Palmer says it is possible to make great films honestly, "But it takes a lot of creativity, a lot of hard work."
Nature filmmakers say their films won't work without helping viewers connect with the animals, a trick often achieved by naming them, as Palmer's film had named "Misty" and "Echo."
"It is easier to care about animals if you name them and there is a big debate in science," said Palmer. "Jane Goodall named her chimps and she was criticized, but look at the incredible good she has done.
When filmmakers resort to faking scenes, it is typically done in service of helping viewers to care about the animals and the environment. The desired result is to inspire awe, even love, for the animals, and to make viewers take the side of the animals.
And that is why Palmer makes films about wildlife, he said. He wants viewers to develop respect and understanding for wildlife.
In his "Bears" film, some of the animals were trucked to the location where the film was shot.
"They are behaving under the instruction of a trainer," said Palmer. "The trainer is making sounds, they are trained through being fed and rewarded with M&M's and food."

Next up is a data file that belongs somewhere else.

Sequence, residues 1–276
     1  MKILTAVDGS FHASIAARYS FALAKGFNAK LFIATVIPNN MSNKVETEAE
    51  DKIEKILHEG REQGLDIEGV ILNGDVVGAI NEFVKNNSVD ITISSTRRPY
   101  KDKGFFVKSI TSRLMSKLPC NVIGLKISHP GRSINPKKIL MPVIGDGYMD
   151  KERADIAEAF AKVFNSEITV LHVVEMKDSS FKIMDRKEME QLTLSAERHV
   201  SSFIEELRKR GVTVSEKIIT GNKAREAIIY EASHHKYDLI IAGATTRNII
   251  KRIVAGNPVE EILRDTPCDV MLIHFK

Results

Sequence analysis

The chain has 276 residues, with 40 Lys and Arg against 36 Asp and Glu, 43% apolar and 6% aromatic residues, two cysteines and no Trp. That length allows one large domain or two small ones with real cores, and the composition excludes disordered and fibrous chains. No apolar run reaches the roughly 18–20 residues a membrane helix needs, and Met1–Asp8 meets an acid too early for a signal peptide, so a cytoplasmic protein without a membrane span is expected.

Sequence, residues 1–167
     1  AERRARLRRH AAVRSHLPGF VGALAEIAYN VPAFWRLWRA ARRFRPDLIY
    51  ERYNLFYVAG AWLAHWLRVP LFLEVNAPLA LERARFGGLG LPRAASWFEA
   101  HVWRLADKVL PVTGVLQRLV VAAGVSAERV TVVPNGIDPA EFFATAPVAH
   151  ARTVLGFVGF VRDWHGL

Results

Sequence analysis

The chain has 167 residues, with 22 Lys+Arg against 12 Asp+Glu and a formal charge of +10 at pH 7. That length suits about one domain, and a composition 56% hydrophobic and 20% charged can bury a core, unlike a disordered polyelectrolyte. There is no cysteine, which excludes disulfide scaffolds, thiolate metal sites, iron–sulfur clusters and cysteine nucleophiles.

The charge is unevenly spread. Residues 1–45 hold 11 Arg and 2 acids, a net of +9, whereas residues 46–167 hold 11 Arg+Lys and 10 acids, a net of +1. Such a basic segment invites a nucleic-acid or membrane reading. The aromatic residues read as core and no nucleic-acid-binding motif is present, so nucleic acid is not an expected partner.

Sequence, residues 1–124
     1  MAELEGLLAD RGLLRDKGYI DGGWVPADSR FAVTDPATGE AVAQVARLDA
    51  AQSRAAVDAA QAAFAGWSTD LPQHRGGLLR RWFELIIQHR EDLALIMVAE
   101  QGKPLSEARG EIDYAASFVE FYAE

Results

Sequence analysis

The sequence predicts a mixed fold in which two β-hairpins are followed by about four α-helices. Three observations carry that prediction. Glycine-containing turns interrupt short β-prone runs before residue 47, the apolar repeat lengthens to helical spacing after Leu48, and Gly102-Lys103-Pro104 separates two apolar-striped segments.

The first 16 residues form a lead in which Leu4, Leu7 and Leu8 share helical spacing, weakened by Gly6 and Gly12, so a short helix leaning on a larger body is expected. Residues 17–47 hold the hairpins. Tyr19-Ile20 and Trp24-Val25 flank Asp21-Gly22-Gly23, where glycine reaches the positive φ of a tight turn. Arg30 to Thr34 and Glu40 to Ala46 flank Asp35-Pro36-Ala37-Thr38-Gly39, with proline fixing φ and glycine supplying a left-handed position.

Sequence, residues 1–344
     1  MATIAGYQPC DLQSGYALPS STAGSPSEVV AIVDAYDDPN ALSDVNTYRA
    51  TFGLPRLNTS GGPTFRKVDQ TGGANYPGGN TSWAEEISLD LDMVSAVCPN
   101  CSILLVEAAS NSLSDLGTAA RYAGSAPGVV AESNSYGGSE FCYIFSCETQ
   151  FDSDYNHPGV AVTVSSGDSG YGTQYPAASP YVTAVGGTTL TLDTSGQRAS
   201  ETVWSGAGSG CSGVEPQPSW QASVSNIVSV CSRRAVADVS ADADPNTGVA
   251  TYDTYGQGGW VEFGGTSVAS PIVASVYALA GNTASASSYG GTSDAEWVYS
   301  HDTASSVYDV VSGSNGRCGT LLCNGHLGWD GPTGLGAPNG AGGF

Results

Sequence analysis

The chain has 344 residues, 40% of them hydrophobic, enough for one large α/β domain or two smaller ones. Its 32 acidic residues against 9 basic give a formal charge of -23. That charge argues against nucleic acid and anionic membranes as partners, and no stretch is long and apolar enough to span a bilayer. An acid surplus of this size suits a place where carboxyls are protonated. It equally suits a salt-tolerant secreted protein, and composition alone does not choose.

And while the actor bears helped filmmakers create compelling cinema, there may be consequences. "The trouble is that you send a signal to the viewers that it is OK to get this close to bears and that is not a good signal to send."
Palmer's ambivalence runs deep. He is keenly aware that his deceptions have made people care and he sees a greater good in that.
"I make films in order to change something in society, and in this particular case, making us more environmentally aware, making us more environmentally responsible," he said.
"Maybe it is worth it to have told the lie," he said. On the other hand, he worries, maybe those rented animals are not treated well on the game farm. And, he wonders aloud, what happens to them after their turn in front of the camera is over?